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 V.15 No.42 | October 19 - 25, 2006 


Off the Streets

A look at one of Albuquerque’s shelters for homeless men

Al McCly was homeless for years before being recruited to help build the Albuquerque Opportunity Center, where he now works.
Wes Naman
Al McCly was homeless for years before being recruited to help build the Albuquerque Opportunity Center, where he now works.

Al McCly came to Albuquerque in 2001 to see how far he could get from his estranged wife. Before long, he had lost his car, been in jail and lived underneath a tree in an abandoned lot all due to his problems with alcohol. McCly explains that camping under the deserted tree was easy. With his last few bucks he bought all the supplies he'd need to live in the open. “I didn’t have to pay rent or worry about anything,” he says.

And as is the case with many other homeless people, he says, food was never a problem: “When I was on the street, I knew I was gonna have a free meal.”

McCly says he couldn’t get a job due to his social security card being taken away after getting a D.W.I. Since he didn’t have his birth certificate, he was never able to get a new card. "I went to get my paycheck, and I found out I needed my social security card," he says. "I didn’t have it, so I lost the job.”

Without a social security card, McCly lost all motivation to find a job until he was recruited to help build the Albuquerque Opportunity Center (AOC) in 2004, a homeless shelter for men that would offer beds to the homeless at night but also help them attain jobs.

Eventually, McCly found a place as a maintenance man for the AOC. His long journey to the shelter is similar to that of other homeless men--the center gave him a new life, as it strives to do for many more.

According to McCly, there are multiple factors that contribute to homelessness. “Some medical problem, physically, or in your head; maybe you were abused as a child; maybe you had been abandoned," he says, listing common causes. "Some just get into drinking, become an alcoholic, and it’s hard to get away from it.”

Most men on the street have lost everything, says McCly, and they get stuck in a cycle that prevents them from getting back on their feet. “It’s a habit that you get trapped into. Once they have this free meal or free treatment, [they] just get into it.” Many homeless shelters are abused as free handouts, he says--they don’t help people get a job or restart their lives.

The AOC stops the cycle with their 30-day program that encourages men to get a job and doesn’t merely hand out free meals and free beds. They offer financial assistance with rent for an apartment, health programs and counselors that help find employment. After 30 days, each man loses his bed, but hopefully leaves with tools to improve his life. The AOC has helped about 25 percent of the men who've entered its program exit into affordable housing, according to their informational brochure. If someone fails at the program, he cannot return to the shelter for another year.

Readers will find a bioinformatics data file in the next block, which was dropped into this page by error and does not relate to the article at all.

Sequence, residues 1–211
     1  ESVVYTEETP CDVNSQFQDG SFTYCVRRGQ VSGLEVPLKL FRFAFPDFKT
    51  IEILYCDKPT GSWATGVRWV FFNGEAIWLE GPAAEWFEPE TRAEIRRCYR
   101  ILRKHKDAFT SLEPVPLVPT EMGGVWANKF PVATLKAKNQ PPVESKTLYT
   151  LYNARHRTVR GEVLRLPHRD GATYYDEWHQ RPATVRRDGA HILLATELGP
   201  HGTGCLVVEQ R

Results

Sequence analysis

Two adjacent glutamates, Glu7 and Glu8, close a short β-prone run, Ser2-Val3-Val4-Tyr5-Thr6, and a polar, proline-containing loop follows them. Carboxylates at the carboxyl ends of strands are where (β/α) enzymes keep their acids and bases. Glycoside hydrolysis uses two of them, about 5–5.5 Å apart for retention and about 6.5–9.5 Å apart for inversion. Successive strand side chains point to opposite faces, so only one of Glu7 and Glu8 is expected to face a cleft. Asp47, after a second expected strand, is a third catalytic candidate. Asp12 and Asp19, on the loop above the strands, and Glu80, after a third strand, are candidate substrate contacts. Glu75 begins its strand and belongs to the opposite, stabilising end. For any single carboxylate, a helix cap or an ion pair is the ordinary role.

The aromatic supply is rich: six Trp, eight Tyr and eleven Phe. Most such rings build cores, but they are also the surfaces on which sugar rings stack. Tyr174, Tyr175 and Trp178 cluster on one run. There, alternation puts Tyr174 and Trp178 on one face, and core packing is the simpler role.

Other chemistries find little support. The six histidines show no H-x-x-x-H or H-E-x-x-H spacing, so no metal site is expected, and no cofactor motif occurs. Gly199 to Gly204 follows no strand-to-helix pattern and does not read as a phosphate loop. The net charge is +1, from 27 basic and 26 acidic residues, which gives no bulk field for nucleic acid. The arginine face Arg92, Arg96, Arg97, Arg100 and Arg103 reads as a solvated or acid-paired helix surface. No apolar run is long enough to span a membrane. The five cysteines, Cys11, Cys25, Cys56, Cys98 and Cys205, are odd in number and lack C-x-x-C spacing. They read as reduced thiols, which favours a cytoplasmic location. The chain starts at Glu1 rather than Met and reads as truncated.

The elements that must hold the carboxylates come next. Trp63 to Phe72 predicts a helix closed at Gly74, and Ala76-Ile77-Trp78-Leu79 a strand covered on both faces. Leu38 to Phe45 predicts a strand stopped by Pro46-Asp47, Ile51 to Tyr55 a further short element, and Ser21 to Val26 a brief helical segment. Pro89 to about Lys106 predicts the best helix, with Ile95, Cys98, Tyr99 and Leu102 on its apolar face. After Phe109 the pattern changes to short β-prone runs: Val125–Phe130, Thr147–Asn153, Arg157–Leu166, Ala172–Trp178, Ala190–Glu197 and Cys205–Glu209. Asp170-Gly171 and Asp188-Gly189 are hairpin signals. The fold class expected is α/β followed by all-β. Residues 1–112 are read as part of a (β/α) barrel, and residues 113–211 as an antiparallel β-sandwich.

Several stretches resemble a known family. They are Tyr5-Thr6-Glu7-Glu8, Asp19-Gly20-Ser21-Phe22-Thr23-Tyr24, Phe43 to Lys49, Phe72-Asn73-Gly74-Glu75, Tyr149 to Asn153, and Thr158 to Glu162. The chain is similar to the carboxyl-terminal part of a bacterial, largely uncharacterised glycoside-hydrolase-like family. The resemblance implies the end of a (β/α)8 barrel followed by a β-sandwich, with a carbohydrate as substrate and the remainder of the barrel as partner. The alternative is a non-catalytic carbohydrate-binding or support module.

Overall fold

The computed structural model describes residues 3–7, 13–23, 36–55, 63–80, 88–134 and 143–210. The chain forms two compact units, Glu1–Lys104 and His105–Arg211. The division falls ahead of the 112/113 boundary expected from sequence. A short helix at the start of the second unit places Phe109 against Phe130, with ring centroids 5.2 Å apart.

McCly says the most difficult part of homelessness is finding a place to sleep every night. Most shelters that offer beds require that people commit to a program that lasts for at least a month. If they can’t commit, they don’t get a bed. This discourages many people from using the program and getting help. The AOC is different. Their program lasts 30 days, but if a person wants to leave, he has every right to do so.

“There is no restriction,” says McCly. “If you want to, you can go back on the streets.”

Once a week, homeless men can call the shelter and try to make a reservation for the program. If there is space then they are offered a bed and help for a month.

The program supplies 71 of the 111 year-long shelter beds available for homeless men in Albuquerque and has given 40,000 nights of shelter to 1,300 men since the program began two years ago.

Yet despite the success of the shelter, it hasn't always been welcomed by the neighborhood. When the building was still under construction, many surrounding businesses were displeased with the thought of having a homeless shelter next door. “The neighbors wanted us to leave,” says McCly. The outcry of the neighbors was the motivation to build a wall that now surrounds the facility, blocking out any potential problems.

Today, McCly says the neighborhood is welcoming to the shelter's residents. “People always say 'hi,' and tell us we have the best yard on the street.”

The men of the shelter also work to improve the facility. With their help, the center has a fully landscaped courtyard, a library and well-maintained facilities.

From the ground up, the AOC has helped men get their lives back.

McCly is living proof. “If it wasn’t for shelters," he says, "I would probably be in jail or stealing.”

The Albuquerque Opportunity Center ( 715 Candelaria NE, 344-2323) says volunteers are always welcome and donations in the form of money or supplies are always appreciated.


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